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Circuit Analysis: Port Point of View
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1.1 1.2 1.3 1.4 1.5 1.6 1.7 1.8 Introduction Circuit Elements SPICE Elements Circuit Laws Steady-State Circuits Network Theorems Two-Port Networks Instantaneous, Average, and RMS Values
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Semiconductor Diodes
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2.1 2.2 2.3 2.4 2.5 2.6 2.7 2.8 2.9 2.10 Introduction The Ideal Diode Diode Terminal Characteristics The Diode SPICE Model Graphical Analysis Equivalent-Circuit Analysis Recti er Applications Waveform Filtering Clipping and Clamping Operations The Zener Diode
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Characteristics of Bipolar Junction Transistors
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3.1 3.2 3.3 3.4 3.5 3.6 3.7 BJT Construction and Symbols Common-Base Terminal Characteristics Common-Emitter Terminal Characteristics BJT SPICE Model Current Relationships Bias and DC Load Lines Capacitors and AC Load Lines
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Characteristics of Field-Effect Transistors and Triodes 103
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4.1 Introduction 4.2 JFET Construction and Symbols 4.3 JFET Terminal Characteristics
103 103 103
Copyright 2002, 1988 by The McGraw-Hill Companies, Inc. Click Here for Terms of Use.
4.4 4.5 4.6 4.7 4.8 4.9 4.10 4.11 4.12 JFET SPICE Model JFET Bias Line and Load Line Graphical Analysis for the JFET MOSFET Construction and Symbols MOSFET Terminal Characteristics MOSFET SPICE Model MOSFET Bias and Load Lines Triode Construction and Symbols Triode Terminal Characteristics and Bias
Contents
105 107 110 110 110 111 114 115 115
Transistor Bias Considerations
5.1 5.2 5.3 5.4 5.5 5.6 Introduction b Uncertainty and Temperature Effects in the BJT Stability Factor Analysis Nonlinear-Element Stabilization of BJT Circuits Q-Point-Bounded Bias for the FET Parameter Variation Analysis with SPICE
136 136 139 139 140 141
Small-Signal Midfrequency BJT Ampli ers
6.1 6.2 6.3 6.4 6.5 6.6 6.7 6.8 6.9 Introduction Hybrid-Parameter Models Tee-Equivalent Circuit Conversion of Parameters Measures of Ampli er Goodness CE Ampli er Analysis CB Ampli er Analysis CC Ampli er Analysis BJT Ampli er Analysis with SPICE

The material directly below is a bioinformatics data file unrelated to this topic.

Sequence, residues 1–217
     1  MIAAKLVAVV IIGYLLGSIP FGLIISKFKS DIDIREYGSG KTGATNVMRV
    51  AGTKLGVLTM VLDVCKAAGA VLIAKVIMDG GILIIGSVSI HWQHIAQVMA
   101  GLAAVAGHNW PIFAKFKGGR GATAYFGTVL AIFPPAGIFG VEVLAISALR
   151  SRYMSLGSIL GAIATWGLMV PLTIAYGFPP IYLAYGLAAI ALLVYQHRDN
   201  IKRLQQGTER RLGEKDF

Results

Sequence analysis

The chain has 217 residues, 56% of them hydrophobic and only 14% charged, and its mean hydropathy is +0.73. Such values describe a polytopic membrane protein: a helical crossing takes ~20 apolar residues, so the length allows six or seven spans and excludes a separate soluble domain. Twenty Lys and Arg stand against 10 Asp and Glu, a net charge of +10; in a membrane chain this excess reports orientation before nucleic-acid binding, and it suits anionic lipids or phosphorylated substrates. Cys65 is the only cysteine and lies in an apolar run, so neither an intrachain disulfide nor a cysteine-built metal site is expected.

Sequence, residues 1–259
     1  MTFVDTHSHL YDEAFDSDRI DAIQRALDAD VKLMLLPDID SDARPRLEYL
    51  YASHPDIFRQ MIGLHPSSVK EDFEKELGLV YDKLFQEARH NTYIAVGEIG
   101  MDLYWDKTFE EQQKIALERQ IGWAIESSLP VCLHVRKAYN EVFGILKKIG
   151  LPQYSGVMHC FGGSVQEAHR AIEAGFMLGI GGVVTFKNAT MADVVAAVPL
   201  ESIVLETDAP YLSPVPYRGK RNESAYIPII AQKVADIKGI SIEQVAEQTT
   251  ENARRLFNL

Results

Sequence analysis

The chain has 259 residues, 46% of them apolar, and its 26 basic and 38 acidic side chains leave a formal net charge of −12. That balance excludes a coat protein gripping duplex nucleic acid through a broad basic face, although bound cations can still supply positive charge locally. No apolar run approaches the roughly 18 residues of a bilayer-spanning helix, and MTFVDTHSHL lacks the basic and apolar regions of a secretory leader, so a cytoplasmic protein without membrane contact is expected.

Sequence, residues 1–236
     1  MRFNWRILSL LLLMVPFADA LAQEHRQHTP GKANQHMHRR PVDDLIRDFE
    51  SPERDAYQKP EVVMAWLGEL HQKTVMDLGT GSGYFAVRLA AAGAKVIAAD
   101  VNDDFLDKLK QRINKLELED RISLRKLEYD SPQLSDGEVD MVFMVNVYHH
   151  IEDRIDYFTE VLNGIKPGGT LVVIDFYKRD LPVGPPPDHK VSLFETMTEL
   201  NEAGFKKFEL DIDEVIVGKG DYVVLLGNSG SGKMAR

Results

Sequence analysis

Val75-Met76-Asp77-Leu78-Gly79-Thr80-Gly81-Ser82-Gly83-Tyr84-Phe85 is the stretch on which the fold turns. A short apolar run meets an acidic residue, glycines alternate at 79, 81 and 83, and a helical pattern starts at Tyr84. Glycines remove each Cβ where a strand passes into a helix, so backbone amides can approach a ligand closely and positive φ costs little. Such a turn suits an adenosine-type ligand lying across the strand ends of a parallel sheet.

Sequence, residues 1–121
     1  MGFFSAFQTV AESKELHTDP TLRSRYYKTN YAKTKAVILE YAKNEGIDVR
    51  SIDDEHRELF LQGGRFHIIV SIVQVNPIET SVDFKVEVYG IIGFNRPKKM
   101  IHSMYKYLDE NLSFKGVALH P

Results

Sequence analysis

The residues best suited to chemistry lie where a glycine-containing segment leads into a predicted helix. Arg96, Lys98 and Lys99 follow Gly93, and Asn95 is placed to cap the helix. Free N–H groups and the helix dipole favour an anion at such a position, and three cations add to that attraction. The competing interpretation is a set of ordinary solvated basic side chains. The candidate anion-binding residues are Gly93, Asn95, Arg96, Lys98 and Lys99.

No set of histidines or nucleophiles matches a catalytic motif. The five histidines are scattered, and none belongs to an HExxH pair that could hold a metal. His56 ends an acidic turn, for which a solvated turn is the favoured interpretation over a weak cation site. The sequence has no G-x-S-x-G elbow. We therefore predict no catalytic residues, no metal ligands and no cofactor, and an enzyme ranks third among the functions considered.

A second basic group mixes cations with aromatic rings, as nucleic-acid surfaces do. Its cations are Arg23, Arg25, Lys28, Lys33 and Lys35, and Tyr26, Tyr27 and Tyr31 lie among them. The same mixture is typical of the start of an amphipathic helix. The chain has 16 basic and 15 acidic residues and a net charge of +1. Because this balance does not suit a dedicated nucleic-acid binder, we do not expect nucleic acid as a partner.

163 163 166 167 168 168 170 171 172
Small-Signal Midfrequency FET and Triode Ampli ers 200
7.1 7.2 7.3 7.4 7.5 7.6 7.7 Introduction Small-Signal Equivalent Circuits for the FET CS Ampli er Analysis CD Ampli er Analysis CG Ampli er Analysis FET Ampli er Gain Calculation with SPICE Graphical and Equivalent Circuit Analysis of Triode Ampli ers 200 200 201 202 203 203 205
Frequency Effects in Ampli ers
8.1 8.2 8.3 8.4 8.5 8.6 8.7 Introduction Bode Plots and Frequency Response Low-Frequency Effect of Bypass and Coupling Capacitors High-Frequency Hybrid- BJT Model High-Frequency FET Models Miller Capacitance Frequency Response Using SPICE
226 227 229 232 234 235 236
Contents
CHAPTER 9 Operational Ampli ers
9.1 9.2 9.3 9.4 9.5 9.6 9.7 9.8 9.9 9.10 9.11 9.12 Introduction Ideal and Practical OP Amps Inverting Ampli er Noninverting Ampli er Common-Mode Rejection Ratio Summer Ampli er Differentiating Ampli er Integrating Ampli er Logarithmic Ampli er Filter Applications Function Generators and Signal Conditioners SPICE Op Amp Model
258 258 259 260 260 261 262 262 263 264 264 265
Switched Mode Power Supplies
10.1 10.2 10.3 10.4 10.5 10.6 Introduction Analytical Techniques Buck Converter Boost Converter Buck-Boost Converter SPICE Analysis of SMPS
287 287 289 290 292 294
INDEX
Circuit Analysis: Port Point of View
1.1. INTRODUCTION Electronic devices are described by their nonlinear terminal voltage-current characteristics. Circuits containing electronic devices are analyzed and designed either by utilizing graphs of experimentally measured characteristics or by linearizing the voltage-current characteristics of the devices. Depending upon applicability, the latter approach involves the formulation of either small-perturbation equations valid about an operating point or a piecewise-linear equation set. The linearized equation set describes the circuit in terms of its interconnected passive elements and independent or controlled voltage and current sources; formulation and solution require knowledge of the circuit analysis and circuit reduction principles reviewed in this chapter.
CIRCUIT ELEMENTS
The time-stationary (or constant-value) elements of Fig. 1-1(a) to (c) (the resistor, inductor, and capacitor, respectively) are called passive elements, since none of them can continuously supply energy to a circuit. For voltage v and current i, we have the following relationships: For the resistor, v Ri or i Gv 1:1 where R is its resistance in ohms (), and G  1=R is its conductance in siemens (S). Equation (1.1) is known as Ohm s law. For the inductor, di 1 t v L or i v d 1:2 dt L 1 where L is its inductance in henrys (H). For the capacitor, t 1 dv i d or i C v C 1 dt
1:3
where C is its capacitance in farads (F). If R, L, and C are independent of voltage and current (as well as of time), these elements are said to be linear: Multiplication of the current through each by a constant will result in the multiplication of its terminal voltage by that same constant. (See Problems 1.1 and 1.3.) 1
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